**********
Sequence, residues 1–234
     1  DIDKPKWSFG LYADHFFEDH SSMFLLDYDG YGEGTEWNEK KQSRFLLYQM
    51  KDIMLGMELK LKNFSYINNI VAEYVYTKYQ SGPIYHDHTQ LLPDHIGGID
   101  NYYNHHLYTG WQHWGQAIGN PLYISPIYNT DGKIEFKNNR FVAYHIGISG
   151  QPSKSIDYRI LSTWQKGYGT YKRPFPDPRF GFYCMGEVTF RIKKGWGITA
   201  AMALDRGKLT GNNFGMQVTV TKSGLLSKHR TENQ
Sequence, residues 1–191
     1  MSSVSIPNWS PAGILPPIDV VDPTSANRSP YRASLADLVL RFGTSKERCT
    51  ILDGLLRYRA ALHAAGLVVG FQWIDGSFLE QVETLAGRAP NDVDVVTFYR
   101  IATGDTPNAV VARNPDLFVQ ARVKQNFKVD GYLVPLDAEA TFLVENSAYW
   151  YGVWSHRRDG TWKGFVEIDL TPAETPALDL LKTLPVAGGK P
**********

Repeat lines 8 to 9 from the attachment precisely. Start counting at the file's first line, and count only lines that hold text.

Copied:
     1  MSSVSIPNWS PAGILPPIDV VDPTSANRSP YRASLADLVL RFGTSKERCT
    51  ILDGLLRYRA ALHAAGLVVG FQWIDGSFLE QVETLAGRAP NDVDVVTFYR